The Montréal Cirque Festival Is Modern, Inventive, & Wonderfully Weird


I love festivals. Ten-day concerts? Food fairs? Holidays where people throw oranges at each other? Sign me up for the whole slate. If you’ve got humans of wide-ranging backgrounds coming together under one banner in the name of fun or food, I’m for it. It’s a radical take, I know.

As broad as my festival love is, my tastes have been refined a little over the years. I’ll still 100% give my Saturday to any fest under the sun, but I find that the ones I love most have a few things in common. They’re a little weird, there’s an element of depth, and they blend interested locals with eager travelers. That’s my recipe for a festival worth crossing time zones for — and it’s exactly what I found at the Montréal Cirque Festival (Montréal Complétement Cirque, in French).

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I arrived in Montréal with only two things on my mind: Poutine and circus. Poutine because French fries piled with cheese curds and doused in gravy sounds like a dish I would either A) invent, or B) bathe in. Circus because… I like circuses. Not the giant-lumbering-elephant-getting-jabbed-by-a-trainer-with-a-hook type of circuses, but the modern type. The type where acrobats throw one another around like toys, clowns are post-modern, and neon lights abound. Though I knew very little about Montréal Cirque Festival before going, I knew that it would be all of these — influenced by the new wave of circuses that popped up after Cirque du Soleil.

The first show I saw was held in a theater the evening I arrived. The festival is split between more formal presentations, like this, and outdoor performances. Backbone — which had been my first pick of shows to see after reading the program — was created by an Aussie troop and billed as “breathtaking acrobatics, unparalleled energy, and irresistible charm.” As a person who is heavily biased in favor of Australians, that sounded like most of the country to me and I was eager to see what the mad troupe from Down Under had in store.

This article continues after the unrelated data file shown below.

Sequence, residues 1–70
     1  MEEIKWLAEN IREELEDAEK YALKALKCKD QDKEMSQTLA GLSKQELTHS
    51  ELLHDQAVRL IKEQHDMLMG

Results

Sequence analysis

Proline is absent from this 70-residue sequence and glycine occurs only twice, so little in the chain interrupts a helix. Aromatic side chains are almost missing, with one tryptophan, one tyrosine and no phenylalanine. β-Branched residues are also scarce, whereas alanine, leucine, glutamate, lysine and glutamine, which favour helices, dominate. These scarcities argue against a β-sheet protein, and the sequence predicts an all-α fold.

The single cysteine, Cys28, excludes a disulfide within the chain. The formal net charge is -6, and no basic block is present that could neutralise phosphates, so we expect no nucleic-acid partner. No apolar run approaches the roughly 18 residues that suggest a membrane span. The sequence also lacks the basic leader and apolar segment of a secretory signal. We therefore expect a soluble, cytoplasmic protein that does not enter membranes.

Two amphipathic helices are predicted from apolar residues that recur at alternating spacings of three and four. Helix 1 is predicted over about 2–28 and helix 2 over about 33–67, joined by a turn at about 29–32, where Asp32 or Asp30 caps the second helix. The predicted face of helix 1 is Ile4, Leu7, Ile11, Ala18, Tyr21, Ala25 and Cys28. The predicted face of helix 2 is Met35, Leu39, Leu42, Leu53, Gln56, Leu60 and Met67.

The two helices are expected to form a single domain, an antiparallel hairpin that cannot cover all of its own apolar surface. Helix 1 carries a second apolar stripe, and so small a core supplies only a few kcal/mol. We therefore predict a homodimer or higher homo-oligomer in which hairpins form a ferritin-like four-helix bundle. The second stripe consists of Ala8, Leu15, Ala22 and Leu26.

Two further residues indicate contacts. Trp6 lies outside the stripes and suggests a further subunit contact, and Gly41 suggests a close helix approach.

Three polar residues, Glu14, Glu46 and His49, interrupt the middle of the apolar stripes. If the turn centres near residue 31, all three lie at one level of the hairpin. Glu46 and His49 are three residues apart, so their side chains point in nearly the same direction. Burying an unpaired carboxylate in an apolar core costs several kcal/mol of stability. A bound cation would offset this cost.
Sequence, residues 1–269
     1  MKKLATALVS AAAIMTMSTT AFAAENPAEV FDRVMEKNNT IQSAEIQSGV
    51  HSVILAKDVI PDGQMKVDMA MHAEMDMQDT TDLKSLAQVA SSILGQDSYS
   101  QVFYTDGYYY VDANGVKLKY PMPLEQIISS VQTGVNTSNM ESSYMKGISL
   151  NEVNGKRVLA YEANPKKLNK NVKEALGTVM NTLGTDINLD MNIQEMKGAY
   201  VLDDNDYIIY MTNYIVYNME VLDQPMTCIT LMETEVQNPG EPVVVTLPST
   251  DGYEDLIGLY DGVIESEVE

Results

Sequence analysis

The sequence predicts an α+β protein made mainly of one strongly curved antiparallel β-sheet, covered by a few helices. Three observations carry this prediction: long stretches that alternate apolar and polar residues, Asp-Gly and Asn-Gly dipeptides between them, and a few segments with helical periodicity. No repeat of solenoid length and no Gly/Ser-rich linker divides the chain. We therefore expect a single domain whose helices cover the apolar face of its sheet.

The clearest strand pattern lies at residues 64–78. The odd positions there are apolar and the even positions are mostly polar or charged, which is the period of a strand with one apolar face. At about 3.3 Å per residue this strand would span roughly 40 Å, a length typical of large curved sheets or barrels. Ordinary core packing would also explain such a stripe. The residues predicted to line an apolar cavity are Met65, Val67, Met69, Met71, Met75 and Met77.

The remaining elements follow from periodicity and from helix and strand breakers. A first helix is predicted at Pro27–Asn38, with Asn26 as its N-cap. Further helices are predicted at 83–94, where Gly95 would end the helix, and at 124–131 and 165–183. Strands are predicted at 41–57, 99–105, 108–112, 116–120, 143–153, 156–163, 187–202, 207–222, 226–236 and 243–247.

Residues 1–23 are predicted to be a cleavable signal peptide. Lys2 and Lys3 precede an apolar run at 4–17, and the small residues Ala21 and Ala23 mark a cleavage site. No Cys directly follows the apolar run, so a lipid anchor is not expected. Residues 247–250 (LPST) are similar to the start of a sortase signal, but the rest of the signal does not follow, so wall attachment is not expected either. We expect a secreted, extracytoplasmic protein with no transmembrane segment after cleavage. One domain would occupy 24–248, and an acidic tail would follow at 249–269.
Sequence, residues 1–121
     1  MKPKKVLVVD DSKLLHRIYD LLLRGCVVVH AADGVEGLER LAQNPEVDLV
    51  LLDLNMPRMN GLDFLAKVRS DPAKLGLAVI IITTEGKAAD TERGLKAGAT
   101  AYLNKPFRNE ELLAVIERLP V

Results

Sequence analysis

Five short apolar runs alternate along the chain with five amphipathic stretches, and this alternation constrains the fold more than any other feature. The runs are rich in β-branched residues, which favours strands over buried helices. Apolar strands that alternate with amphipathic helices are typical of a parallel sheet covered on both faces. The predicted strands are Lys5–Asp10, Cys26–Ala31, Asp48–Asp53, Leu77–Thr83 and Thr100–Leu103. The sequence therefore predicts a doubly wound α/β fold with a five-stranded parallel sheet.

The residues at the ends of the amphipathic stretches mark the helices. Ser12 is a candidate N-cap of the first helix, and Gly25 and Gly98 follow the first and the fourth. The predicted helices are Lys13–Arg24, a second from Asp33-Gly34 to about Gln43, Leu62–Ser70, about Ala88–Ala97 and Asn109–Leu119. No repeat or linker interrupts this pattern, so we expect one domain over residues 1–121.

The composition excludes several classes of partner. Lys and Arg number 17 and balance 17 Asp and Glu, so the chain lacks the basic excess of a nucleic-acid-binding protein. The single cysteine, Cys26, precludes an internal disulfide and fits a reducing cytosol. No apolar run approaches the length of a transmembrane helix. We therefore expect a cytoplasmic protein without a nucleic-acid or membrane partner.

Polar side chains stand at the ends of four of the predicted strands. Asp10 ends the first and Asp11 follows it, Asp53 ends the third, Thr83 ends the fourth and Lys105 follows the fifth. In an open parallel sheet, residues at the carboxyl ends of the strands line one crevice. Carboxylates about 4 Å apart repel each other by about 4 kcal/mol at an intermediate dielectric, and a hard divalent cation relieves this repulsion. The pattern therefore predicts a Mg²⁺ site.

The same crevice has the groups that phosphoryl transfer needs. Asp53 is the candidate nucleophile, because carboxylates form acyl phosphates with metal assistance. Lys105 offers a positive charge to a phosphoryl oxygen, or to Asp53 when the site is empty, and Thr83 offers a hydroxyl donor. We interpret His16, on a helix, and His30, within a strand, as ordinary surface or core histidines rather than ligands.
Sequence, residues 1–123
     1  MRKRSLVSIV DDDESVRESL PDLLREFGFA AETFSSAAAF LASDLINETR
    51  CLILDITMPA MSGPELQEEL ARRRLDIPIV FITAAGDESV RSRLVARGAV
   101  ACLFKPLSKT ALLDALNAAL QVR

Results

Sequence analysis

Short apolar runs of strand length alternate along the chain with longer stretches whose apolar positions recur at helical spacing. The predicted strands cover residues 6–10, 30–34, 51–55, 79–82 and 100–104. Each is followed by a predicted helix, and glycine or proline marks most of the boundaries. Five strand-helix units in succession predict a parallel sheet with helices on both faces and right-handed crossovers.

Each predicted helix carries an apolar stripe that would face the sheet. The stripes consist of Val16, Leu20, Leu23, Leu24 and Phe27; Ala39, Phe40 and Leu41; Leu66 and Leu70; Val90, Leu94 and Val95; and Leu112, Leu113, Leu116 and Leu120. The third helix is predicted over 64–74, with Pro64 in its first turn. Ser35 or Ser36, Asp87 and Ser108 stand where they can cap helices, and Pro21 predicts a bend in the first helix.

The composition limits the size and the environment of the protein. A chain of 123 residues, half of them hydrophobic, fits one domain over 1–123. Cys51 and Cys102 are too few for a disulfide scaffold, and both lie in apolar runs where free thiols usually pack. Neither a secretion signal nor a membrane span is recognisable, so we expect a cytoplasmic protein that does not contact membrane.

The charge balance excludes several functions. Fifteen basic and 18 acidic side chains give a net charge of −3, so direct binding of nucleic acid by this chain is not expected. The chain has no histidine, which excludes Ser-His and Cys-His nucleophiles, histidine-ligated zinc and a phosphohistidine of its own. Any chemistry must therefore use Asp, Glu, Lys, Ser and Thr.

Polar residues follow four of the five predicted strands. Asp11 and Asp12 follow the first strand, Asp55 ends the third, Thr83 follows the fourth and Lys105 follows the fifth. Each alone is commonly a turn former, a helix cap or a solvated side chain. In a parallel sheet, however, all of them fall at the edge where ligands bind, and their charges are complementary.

The show didn’t dissapoint. It was a mix of brute strength, incredible flexibility, circus-kid weirdness, and Australian gusto. The troupe — who grew up together and are famously close — had built out a show that was meant to feel loose, like a rehearsal. There were feats of strength and balance, but also games that seemed to have been ripped straight from their warmup routines. They started the show by covering the stage in shredded rubber (like the little bits that are sealed together to make a running track), and the rest of the time every skid or landing was punctuated by a rooster tail of rubber catching in the neon lights.

For me, the highlight of watching Backbone actually came after the show was over, in a Q & A. I’ve lived my life thinking that I was one of very few genuine circus nerds on earth, but I was quickly proven wrong. The cast of Backbone — themselves young, fit, and beautiful — were peppered with questions from aspiring circus performers from around the world. A whole group of 20-year-olds from Mexico City were in the house. In fact, all the questions in the session came from aspiring acrobats, all young, all eager to learn, and all a bit starstruck.

In case you were worried, the future of circuses seems strong.

Gravity and Other Myths

By the time Backbone‘s Q & A was over, and I’d gotten on the subway and made it back to the city, all of Montréal’s famous poutine spots were closed. In fact, most of the city seemed shuttered. I knew there were clubs open somewhere, but I was too tired to find them. What I was really interested in was food. Lots of it.